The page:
Green Star Polyps are easy to care for and can quickly form large colonies in your reef tank. In fact, it's not uncommon for them to spread over the substrate or rockwork within a few weeks! This is thanks to the purple mat base (or stolon) that encrusts outward from the colony and allows GSP to bud off small polyps onto adjacent surfaces - creating an ever-expanding purple mat of coral!

But don't worry; you're still able to control the size and shape of your GSP colony. Simply prune back any rogue sections that may be spreading too far out. This helps keep your tank looking tidy while also promoting healthy growth among all of your corals.

Propagating green star polyps

Green Star Polyps are easy to propagate and make great gifts for fellow aquarists! To do this, simply cut a piece of the main coral colony with some scissors or a razor blade. Then attach it onto a small rock or frag plug using super glue gel - making sure to leave enough room for future growth. Finally, place the new frag into your tank and you're all set!

It's important to remember that these corals can be quite delicate; so try not to move them around too much once they've been attached. Also, be sure not to overcrowd your tank as GSPs need plenty of room to spread out and form healthy colonies.

Acclimating green star polyps

One important key to having successful Green Star Polyp colonies is proper acclimation! Before adding them to your tank, it's important to slowly adjust the water temperature and parameters of their new home. This can be done by floating the bag in the aquarium for around 15 minutes before releasing them - allowing both temperatures to equalize and any potential stressors to dissipate.

It's also a good idea to treat all incoming corals with a coral dip - this helps prevent any unwanted intruders from hitchhiking into your tank! Once you're sure that everything is safe and sound, simply add your GSP into their new home and watch as they thrive! For a more in-depth guide to coral acclimation, we’ve made a separate post you can read here.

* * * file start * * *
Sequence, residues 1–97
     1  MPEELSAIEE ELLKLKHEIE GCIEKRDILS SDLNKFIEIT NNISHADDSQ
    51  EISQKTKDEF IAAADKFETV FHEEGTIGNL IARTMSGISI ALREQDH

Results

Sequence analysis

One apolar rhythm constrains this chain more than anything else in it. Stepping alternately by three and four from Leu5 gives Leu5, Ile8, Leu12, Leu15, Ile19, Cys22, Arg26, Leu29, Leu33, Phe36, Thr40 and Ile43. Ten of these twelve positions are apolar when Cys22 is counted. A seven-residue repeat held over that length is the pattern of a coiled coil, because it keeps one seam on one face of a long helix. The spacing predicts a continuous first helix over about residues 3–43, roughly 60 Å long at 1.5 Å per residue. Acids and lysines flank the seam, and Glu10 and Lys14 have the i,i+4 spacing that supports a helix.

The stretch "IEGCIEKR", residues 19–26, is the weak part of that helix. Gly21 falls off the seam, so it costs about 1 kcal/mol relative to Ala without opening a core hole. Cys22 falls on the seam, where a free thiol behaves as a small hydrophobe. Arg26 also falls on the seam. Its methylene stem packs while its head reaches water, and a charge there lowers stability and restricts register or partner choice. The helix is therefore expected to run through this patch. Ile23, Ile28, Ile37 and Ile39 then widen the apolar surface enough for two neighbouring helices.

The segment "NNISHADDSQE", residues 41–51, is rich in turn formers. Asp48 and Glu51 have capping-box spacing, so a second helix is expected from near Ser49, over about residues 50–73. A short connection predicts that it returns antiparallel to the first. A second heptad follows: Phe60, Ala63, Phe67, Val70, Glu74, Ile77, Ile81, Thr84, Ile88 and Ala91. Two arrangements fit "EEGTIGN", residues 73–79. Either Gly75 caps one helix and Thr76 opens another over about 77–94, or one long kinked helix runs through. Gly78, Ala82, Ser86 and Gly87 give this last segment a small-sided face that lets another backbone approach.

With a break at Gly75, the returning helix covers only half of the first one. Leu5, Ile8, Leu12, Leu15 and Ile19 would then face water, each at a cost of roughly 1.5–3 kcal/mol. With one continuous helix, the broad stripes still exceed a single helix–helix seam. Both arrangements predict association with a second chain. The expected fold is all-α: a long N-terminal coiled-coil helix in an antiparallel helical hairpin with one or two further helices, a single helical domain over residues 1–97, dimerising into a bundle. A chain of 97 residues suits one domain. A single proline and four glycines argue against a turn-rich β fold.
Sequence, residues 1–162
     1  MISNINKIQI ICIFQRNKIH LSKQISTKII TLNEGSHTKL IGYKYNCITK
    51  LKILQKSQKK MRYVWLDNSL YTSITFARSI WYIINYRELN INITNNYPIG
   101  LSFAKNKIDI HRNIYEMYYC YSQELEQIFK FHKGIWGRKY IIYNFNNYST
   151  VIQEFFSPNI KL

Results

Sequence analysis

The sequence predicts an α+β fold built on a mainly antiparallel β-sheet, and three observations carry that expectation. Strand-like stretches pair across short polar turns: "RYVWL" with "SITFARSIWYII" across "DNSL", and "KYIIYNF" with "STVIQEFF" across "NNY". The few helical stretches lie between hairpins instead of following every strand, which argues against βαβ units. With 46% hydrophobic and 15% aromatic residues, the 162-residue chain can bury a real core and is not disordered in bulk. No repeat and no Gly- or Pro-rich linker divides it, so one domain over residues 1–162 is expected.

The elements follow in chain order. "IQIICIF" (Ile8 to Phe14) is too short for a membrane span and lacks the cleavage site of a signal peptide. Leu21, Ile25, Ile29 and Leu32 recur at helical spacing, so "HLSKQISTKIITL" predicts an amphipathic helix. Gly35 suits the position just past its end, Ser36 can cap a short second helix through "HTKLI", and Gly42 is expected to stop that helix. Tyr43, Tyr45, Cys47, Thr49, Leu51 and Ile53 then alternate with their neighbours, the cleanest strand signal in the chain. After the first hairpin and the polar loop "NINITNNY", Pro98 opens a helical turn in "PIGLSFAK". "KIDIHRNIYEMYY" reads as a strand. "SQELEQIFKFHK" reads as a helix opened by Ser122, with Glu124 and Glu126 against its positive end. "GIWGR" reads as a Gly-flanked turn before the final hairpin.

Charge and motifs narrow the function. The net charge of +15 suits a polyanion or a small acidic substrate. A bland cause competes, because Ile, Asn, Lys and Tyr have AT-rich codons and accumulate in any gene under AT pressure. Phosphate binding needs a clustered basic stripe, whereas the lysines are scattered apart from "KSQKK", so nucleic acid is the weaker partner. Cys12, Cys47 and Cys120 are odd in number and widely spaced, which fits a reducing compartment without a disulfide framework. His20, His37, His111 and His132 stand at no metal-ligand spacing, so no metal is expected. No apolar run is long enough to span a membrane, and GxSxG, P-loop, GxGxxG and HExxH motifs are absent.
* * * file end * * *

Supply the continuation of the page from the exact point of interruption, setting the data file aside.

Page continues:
Q: What type of food should I feed my Green Star Polyps?

A: GSP require a diet consisting mainly of live phytoplankton or rotifers - which you can easily purchase from most pet stores or online retailers. Besides strictly food, Iodine supplements have also been shown to positively affect many soft corals including GSP. 

Q: Are Green Star Polyps invasive?

A: No, these corals aren't considered to be particularly aggressive or invasive towards other animals in your tank like some stony corals may be. However, it's important to keep an eye on their colonies so that they don't spread too far out and overcrowd other inhabitants in your tank.

Q: Why won't my Green Star Polyps open?

A: These small invertebrates require bright lighting, gentle water flow, and plenty of nutrition to stay healthy. Make sure that you provide adequate levels of light for photosynthesis, moderate flow for oxygenation and prevention of detritus, as well as regular feedings of live phytoplankton or rotifers at least once per week. You should also check your tank parameters (specific gravity 1.024-1.026; pH 8-8.4) to ensure they are within acceptable ranges - this will give them the best chance of success in their new home! If they are a new addition to your reef tank, they may still need some time to settle in, barring any other issues your GSP should open up within a week or two.




In conclusion, Green Star Polyps are a great addition to any reef tank whether you’re a beginner or seasoned aquarist. With their vibrant colors and easy-care requirements, they make the perfect showpiece! Plus, they provide many benefits such as cleaning up excess nutrients and improving water quality overall. Now that you know more about these amazing corals, we welcome you to check out our GSP frags for sale!